6. You should use the present tense and the first person.

The self-talk you use should reflect who you are. At the moment. Shepherd cites Muhammad Ali as an example, whose affirmation was “I am the greatest.” Before he was even the greatest, he said that.

7. Mean what you say. Then keep saying it.

She did not require a mentor to achieve her goals. This may be why Allman’s mantras worked for her. At first, she wasn’t certain that she believed them, but she eventually accepted them as true. As she repeated them during practices and before contests, the words became ingrained in her mind. We need affirmations in our everyday lives as well as in our sports lives. As Shepherd points out, many people use mantras and thought patterns every day without knowing that they are doing so. When performing a task or running, anyone who is skeptical really ought to pay attention to their self-talk. Try counting how many times you say or think something to yourself when you’re running. Maintain a tally or make use of objects to help you track. Fill one pocket with a paperclip every time you use self-talk. You can then move one to another pocket.

Valarie Allman

It is possible to notice that much of your self-talk is negative when you begin this practice. By recognizing this, we can shift from negative to positive thinking. According to Shepherd, the first step toward demonstrating self-talk’s effectiveness and helping individuals to improve it is to help them become aware of how they are using it.

Valarie Allman has a few workout tips that she follows in her routine, and that’s about all. What drives her is the focus of the following section. The next part of the article will tell more about what she eats and how she consumes it. Keep an eye out.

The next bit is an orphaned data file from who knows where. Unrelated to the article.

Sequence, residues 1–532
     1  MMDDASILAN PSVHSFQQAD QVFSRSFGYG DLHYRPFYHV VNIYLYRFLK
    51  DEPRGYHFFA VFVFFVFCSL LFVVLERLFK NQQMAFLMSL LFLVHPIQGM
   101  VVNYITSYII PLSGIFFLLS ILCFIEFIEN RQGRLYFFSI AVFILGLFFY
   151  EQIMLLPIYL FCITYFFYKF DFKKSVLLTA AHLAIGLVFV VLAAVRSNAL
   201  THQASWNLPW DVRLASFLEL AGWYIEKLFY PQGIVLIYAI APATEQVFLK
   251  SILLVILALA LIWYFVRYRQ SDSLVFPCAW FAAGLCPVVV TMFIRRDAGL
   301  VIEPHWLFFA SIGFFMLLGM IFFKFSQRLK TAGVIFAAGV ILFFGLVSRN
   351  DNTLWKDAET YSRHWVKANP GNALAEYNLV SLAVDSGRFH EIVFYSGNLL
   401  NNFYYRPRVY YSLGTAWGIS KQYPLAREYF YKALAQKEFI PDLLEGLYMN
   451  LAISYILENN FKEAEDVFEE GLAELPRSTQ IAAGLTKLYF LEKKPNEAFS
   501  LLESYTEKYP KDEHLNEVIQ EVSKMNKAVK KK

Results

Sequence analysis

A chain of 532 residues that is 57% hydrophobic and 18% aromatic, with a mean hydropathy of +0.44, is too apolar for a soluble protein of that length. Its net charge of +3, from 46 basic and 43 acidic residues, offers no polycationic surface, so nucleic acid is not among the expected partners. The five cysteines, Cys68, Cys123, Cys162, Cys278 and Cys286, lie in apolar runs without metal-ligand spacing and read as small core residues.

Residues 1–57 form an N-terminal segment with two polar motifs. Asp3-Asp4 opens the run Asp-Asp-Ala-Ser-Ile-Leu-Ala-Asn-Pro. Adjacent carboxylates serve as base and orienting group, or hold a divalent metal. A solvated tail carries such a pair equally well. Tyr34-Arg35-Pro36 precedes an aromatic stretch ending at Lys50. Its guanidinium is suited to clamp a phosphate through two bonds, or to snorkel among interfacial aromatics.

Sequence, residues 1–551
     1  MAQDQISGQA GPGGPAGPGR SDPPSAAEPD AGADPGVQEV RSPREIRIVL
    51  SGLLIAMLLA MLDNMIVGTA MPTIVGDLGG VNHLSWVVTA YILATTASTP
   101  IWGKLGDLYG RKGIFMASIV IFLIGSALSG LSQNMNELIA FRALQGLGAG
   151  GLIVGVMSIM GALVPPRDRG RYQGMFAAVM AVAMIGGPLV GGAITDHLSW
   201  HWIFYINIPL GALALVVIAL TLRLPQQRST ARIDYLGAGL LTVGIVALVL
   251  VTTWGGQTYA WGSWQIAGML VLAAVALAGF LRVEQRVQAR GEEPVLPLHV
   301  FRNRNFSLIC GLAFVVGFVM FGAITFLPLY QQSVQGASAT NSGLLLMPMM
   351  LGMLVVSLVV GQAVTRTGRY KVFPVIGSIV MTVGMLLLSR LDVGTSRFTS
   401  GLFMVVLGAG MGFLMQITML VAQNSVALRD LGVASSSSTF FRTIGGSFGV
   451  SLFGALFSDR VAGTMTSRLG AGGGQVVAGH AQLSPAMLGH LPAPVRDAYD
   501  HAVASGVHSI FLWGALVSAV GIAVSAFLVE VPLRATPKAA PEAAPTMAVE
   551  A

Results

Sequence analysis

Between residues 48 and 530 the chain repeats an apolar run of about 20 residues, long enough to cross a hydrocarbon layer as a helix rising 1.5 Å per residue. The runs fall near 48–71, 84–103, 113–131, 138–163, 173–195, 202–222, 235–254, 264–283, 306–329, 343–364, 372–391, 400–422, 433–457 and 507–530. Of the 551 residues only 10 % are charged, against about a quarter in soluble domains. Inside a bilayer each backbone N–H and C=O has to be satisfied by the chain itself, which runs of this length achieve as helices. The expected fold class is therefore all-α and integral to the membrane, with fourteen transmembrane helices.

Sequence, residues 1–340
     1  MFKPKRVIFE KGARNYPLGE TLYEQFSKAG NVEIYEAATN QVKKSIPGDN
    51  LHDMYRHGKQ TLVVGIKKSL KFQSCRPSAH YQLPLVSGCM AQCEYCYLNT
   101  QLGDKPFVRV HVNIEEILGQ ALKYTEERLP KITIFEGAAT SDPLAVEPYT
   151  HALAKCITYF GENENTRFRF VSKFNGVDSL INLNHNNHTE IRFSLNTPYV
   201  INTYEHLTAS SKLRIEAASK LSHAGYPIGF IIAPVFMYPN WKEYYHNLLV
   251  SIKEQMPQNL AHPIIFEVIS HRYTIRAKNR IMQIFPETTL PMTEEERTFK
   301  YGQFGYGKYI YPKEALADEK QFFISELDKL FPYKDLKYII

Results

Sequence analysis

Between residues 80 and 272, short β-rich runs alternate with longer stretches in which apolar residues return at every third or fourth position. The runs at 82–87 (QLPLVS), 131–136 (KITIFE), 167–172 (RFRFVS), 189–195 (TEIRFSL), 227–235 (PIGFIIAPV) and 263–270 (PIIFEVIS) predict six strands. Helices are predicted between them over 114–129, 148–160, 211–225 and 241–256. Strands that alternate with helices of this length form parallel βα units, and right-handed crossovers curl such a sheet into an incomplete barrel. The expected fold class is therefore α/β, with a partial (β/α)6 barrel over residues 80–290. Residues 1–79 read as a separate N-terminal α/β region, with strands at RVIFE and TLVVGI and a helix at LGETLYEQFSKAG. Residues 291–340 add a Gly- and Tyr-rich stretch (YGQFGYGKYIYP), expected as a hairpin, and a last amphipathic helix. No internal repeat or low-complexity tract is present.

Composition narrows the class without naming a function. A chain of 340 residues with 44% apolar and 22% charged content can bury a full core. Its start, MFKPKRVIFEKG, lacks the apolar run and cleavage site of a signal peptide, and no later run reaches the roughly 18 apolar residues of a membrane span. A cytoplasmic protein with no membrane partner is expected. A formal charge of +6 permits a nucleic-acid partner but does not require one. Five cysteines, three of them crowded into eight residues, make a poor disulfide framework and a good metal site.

Valarie Allman Diet Plan

After she moved away from home and began playing college sports, nutrition became more complicated as she was responsible for deciding what, when, and how much she should eat. To handle this new challenge, she sought out any information she could gather from others about how she should manage her nutrition. Her brain had accumulated the suggestions of older teammates, team nutritionists, coaches, and friends into a jumble of information that she should be doing. In addition to all the other random information she was gathering, she struggled with that classic stereotype that successful throwing requires you to be big. The approach she took led to nothing concrete, let alone scientific, regarding her nutrition approach, and she was insecure about her own body image.

Valarie Allman

While she would try to consume a high amount of carbs, she would feel bloated and lethargic. She would also try to consume a high amount of protein but still feel drained after working out. Her tummy was getting bigger and bigger despite her best efforts in keeping it as low as possible. Although she spent a lot of time in the gym working on improving strength and muscle, she struggled to see her weight rise. Anxiety about food was the result of all of these factors combined. As stress began to creep in during mealtimes, your joy at replenishing your body was slowly taken away.

The feeling of frustration, confusion, and overwhelm over the seemingly insurmountable task of finding the perfect food combination that would leave her with both a feeling of fuel for training and a feeling of confidence in her body left her feeling agitated, confused, and overwhelmed. She kept wondering… is it possible to have them both?